Skip to main content

Bishop budget a ‘year-round balancing act’

November 30, 2012

City Administrator Keith Caldwell (l) and Assistant Finance Director Cheryl Solesbee are in the process of finalizing the proposed 2013-14 fiscal year budget, which has been collaboratively prepared with the help of all city department heads. Photo by Marilyn Blake Philip

It looks like the City of Bishop will enter the 2013-2014 fiscal year with a sound, flexible blueprint it can use to guide government spending and revenue.
Although the 2013-14 budget, the second year of a two-year budget, is in its final stages, a city spending plan is a complex, year-round balancing act, said Assistant Finance Director Cheryl Solesbee. The entire budget, or cost of running the city, during
the 2013-14 fiscal year is projected to be $9,525,113. That is down from $10,692,150 for 2012-13 and up from the 2011-12 budget of $8,769,175.
According to Solesbee, a budget, in any given year, is a changeable, working document, the primary purpose of which is to give guidelines for operational and capital spending. The annual goal is to balance revenues and expenditures in the face of necessary capital expenditures; benefit increases; state funding cuts; and other varying deterrents.
“Difficult choices have to be made and in this fiscal uncertainty, we are constantly working, reviewing and reworking our budgets,” with each city department using “every opportunity to cut costs and look for savings. It is an ongoing process which does not allow us to put our guard down for one moment,” explained Solesbee.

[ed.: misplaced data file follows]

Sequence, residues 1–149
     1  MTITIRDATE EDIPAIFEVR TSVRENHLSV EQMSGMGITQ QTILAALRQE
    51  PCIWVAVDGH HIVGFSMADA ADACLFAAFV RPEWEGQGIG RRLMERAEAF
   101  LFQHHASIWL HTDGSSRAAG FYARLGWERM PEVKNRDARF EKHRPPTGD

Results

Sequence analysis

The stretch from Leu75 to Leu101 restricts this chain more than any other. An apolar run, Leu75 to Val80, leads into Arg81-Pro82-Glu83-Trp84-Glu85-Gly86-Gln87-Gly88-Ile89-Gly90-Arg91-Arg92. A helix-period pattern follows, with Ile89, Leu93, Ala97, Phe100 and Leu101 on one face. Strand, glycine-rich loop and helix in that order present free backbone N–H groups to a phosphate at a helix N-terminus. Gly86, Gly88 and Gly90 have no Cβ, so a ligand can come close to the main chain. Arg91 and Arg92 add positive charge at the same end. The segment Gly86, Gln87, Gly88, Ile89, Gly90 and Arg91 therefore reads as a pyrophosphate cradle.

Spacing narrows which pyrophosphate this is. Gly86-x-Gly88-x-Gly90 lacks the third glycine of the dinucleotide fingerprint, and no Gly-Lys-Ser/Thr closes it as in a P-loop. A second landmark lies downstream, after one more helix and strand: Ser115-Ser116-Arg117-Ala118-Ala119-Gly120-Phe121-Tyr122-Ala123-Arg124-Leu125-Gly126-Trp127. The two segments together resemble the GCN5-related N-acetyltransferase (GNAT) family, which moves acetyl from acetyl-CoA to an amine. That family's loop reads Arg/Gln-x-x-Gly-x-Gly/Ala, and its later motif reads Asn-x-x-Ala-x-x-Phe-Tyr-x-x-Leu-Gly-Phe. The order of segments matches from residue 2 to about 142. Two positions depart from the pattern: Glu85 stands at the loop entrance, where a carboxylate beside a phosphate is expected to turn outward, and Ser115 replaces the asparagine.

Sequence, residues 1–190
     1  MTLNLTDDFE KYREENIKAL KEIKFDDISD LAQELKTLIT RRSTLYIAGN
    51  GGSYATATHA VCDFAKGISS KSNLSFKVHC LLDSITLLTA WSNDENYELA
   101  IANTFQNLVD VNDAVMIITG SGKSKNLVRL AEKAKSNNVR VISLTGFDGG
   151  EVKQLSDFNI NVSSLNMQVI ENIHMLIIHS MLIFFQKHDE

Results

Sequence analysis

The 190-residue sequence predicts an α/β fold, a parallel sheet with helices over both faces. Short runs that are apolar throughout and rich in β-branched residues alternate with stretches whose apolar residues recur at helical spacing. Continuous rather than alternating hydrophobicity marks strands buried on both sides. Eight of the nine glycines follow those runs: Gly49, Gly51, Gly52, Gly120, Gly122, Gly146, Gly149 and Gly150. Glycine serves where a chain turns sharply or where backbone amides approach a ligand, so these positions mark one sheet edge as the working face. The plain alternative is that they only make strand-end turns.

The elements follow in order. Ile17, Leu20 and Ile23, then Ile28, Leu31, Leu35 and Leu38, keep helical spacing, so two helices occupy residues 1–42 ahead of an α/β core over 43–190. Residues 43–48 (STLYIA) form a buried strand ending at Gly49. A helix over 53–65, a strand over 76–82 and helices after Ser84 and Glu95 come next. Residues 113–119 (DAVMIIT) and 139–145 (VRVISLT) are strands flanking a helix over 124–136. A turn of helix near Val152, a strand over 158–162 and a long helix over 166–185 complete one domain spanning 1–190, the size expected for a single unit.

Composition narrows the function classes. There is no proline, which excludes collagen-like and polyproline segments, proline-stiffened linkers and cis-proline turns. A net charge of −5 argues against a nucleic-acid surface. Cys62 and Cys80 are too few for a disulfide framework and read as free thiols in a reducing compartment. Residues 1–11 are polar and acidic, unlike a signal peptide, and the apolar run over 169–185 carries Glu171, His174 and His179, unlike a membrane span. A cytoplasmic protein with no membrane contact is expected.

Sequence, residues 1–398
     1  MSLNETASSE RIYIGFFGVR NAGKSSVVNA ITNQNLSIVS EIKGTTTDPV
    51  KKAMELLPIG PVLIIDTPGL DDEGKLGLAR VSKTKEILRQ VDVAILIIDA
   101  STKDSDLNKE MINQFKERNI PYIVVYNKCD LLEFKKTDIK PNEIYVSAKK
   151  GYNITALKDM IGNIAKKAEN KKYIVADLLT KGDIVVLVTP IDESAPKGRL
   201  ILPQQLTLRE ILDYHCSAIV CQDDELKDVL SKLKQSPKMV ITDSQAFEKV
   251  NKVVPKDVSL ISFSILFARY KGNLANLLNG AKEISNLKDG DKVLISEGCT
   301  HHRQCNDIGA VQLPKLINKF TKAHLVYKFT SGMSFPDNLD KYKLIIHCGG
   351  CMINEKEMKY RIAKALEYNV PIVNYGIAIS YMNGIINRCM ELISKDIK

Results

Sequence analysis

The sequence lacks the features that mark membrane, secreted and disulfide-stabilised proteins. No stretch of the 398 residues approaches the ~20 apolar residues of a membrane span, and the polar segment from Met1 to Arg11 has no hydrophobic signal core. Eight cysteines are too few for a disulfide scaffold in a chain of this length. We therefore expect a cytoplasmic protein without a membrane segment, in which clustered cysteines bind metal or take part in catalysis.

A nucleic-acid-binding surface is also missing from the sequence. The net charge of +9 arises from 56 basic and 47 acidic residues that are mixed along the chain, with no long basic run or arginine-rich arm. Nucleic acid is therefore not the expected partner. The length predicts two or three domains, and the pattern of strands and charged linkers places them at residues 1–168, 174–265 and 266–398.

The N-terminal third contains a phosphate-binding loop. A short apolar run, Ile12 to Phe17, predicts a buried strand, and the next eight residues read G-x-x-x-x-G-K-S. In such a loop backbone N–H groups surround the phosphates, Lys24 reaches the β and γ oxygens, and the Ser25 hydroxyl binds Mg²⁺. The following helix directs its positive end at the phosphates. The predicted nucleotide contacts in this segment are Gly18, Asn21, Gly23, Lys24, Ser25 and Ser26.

As it stands now, when the assistant finance director receives the final audited figures for 2011-12, she can complete the final budget for 2012-13, and in turn, finalize the proposed 2013-14 preliminary budget. “We are very pleased that our General Fund is expected to be within $36,000” of being balanced. Quite an improvement considering that “when we began the budget for 2011-12, our expenditures were estimated to be $178,000 over revenues for the General Fund.”
The General Fund, which is 62 percent of the entire city budget, covers the majority of the city’s staff costs. The proposed General Fund budget is $5,964,596 for the 2013-14 fiscal year, up from the adopted $5,831,247 for 2012-13 and estimated $5,645,578 for 2011-12. With the most personnel (but still understaffed and operating on 11 of 14 sworn officers positions), the Police Department accounts for 53 percent of the total General Fund and is proposed to cost $3,161,500 for 2013-14.
Budgeted 2013-14 General Fund expenditures are up approximately $115,000 from 2012-13, said Solesbee, largely attributable to rising personnel benefits, retirement and health care costs. The cost to the city of a full-time employee is roughly twice his or her salary once benefits and other costs are taken into account, added City Administrator Keith Caldwell. That said, he was quick to “credit the community, its volunteers. We wouldn’t be able to provide the current level of quality services” without the help of 37 volunteer firemen, 80 Friends of the Park volunteers and a little more than 50 seasonal workers annually.
Caldwell called the 2013-14 budget “a blueprint we use to plan city programs and services. If the City Council makes a request, we have the answer,” said Caldwell. That blueprint “may need to change and develop, hopefully to become as close to perfectly balanced as possible … so we can build our monetary reserves.” In 2011, the city established a funding policy of maintaining a 15 percent, or $1 million, General Fund reserve. Currently, the city’s prudent reserve sits at a very comfortable 37 percent, according to Solesbee.